The following morning the temperature had mercifully dropped by a dozen or so degrees. Ireland took only one ball to remove Olly Stone one of the two remaining England batsmen, and Ireland needed 181 to beat England. Sadly for them it was not to be. The Pious One reckoned that Ireland would struggle against Broad and Woakes, England’s world class opening swing bowlers in humid conditions, and so it proved.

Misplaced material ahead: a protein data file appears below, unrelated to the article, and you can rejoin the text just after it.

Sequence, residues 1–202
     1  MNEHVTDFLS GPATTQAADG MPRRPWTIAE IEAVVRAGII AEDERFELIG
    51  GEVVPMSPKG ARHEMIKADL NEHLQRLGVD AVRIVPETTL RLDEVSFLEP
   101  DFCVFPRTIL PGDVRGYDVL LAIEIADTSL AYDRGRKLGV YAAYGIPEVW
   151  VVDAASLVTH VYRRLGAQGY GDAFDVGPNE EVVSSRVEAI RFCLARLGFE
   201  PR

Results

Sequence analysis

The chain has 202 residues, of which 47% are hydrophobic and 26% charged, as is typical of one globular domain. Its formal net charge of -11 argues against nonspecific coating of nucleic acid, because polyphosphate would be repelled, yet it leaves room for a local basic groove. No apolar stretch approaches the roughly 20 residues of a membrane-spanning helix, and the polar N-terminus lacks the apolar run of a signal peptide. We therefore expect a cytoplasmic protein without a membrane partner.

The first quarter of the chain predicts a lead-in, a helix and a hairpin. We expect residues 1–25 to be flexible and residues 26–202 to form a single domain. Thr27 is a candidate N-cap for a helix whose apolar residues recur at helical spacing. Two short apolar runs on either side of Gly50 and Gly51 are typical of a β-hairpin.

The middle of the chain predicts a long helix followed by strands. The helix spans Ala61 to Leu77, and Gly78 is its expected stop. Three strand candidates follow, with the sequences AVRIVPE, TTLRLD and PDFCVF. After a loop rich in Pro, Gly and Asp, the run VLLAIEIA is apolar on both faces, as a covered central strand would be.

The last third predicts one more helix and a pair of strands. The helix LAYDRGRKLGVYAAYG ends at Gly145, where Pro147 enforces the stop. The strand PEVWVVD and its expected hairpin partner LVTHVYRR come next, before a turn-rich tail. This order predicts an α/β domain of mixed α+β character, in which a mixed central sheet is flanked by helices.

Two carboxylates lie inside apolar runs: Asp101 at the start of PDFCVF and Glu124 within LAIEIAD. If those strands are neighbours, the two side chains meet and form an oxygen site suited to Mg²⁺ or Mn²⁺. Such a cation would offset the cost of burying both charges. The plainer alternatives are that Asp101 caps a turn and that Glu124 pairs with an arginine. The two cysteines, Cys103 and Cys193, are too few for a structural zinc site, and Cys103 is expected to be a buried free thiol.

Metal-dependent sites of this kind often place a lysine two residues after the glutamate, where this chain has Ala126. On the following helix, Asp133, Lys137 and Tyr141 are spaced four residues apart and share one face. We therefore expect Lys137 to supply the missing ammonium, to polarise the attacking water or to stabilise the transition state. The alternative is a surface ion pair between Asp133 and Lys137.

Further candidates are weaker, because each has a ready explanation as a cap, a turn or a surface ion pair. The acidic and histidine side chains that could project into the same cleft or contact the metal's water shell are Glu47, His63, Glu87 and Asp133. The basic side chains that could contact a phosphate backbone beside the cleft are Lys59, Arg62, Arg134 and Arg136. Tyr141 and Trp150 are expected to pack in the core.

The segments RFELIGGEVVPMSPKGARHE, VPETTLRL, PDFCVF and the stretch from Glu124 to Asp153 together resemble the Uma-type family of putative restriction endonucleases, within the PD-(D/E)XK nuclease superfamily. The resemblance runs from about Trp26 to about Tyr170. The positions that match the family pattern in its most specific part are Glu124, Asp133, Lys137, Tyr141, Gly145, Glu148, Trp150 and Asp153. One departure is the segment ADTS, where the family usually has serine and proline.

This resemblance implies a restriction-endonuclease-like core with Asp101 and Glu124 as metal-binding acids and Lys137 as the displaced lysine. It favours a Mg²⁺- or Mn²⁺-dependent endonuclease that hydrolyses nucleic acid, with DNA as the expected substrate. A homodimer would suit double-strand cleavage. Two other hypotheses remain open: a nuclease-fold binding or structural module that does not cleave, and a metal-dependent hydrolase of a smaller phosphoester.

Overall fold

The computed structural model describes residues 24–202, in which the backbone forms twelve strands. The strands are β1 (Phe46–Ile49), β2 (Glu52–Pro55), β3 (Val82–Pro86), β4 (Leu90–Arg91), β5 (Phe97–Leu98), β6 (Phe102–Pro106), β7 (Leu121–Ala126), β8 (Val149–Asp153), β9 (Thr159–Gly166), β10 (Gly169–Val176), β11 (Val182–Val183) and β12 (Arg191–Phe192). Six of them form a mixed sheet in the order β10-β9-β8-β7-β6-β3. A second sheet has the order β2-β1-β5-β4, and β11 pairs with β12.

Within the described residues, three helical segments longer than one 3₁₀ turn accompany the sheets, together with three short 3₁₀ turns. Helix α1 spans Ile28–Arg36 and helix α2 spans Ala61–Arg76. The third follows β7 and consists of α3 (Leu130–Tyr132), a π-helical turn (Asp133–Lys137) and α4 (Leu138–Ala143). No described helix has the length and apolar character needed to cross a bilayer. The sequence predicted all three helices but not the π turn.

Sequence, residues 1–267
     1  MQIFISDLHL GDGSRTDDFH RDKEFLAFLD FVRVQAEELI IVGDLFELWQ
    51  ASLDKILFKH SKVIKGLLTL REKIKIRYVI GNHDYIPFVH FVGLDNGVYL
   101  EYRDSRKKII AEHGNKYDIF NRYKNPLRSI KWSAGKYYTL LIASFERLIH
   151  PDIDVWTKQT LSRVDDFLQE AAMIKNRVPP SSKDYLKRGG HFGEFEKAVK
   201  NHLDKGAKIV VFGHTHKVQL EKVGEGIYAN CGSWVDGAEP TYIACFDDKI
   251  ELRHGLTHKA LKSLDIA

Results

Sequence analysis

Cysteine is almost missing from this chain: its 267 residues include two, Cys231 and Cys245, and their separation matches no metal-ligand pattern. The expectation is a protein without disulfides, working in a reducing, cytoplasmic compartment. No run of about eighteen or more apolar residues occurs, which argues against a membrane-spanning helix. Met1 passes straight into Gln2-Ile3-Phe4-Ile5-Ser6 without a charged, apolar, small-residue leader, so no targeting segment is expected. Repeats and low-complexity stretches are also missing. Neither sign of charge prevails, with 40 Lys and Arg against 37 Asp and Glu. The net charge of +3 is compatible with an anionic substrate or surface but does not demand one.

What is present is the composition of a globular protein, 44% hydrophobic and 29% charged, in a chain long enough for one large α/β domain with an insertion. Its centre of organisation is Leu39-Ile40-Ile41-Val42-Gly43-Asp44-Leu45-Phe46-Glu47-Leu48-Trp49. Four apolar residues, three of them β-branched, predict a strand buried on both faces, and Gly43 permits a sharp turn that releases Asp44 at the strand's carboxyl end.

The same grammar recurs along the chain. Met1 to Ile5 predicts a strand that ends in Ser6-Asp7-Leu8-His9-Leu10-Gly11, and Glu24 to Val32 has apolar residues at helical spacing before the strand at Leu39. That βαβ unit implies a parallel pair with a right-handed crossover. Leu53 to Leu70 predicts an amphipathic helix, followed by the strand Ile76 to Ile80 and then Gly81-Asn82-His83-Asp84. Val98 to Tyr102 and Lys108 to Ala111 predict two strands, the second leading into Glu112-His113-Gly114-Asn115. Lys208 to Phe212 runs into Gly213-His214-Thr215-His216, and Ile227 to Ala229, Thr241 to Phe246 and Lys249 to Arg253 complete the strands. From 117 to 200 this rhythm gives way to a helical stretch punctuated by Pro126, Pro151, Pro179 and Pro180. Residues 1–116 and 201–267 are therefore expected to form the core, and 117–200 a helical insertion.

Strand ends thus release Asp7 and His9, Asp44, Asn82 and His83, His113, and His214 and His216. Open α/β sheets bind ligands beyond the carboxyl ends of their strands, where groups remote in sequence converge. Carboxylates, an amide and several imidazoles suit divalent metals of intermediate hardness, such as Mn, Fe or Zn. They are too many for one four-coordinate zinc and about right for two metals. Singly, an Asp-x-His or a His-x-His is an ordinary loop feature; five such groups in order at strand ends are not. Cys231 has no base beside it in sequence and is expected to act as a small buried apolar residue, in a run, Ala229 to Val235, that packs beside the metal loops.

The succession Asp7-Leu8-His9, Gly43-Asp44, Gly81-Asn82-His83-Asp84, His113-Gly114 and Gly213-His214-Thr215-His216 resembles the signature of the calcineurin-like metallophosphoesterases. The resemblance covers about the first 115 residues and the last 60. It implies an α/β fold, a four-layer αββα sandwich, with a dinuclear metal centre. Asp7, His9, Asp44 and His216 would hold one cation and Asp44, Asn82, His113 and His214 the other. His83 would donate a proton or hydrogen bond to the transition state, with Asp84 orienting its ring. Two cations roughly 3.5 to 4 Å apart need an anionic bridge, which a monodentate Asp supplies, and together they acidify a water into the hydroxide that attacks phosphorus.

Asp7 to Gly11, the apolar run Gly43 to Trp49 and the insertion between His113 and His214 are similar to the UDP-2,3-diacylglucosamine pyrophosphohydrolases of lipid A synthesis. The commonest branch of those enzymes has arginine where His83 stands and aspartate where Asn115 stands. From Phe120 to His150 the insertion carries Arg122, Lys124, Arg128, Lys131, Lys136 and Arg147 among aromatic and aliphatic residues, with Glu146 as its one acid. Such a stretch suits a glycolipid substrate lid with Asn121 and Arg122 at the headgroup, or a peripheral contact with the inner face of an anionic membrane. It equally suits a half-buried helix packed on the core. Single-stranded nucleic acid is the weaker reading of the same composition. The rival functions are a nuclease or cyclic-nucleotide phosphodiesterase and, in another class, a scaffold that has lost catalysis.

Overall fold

A few days later, again as a guest of Pious Bob, I was back to Lord’s for “a Literary Supper and Lecture” by Vic Marks, the England and Somerset spinner and middle-order batsman from the late 70s/1980s who has an autobiography out called Original Spin. He is also a popular summariser on Radio 4’s Test Match special, writes for the Guardian and is the Observer’s cricket correspondent. Both PB and MAE were school contemporaries of Marks, though neither rivalled him in cricketing prowess (though under his astute captaincy your man, opening the bowling, removed the headmaster’s middle stump first ball in a masters v. school prefects match). An enjoyable evening in the Writing Room of the Lords Pavilion was anticipated. Sadly however when the members and guests were finishing their main course a gentleman at the top table was taken seriously ill. An ambulance was called and the other diners filed out into the Long Room where they took their dessert course. Before we were readmitted for the ”lecture” Bob and I gleaned from the man on the Pavilion door that the ill diner who was on the way to hospital was Malcolm Nash, the former Glamorgan all-rounder. Sadly we learned the next day that Nash had died.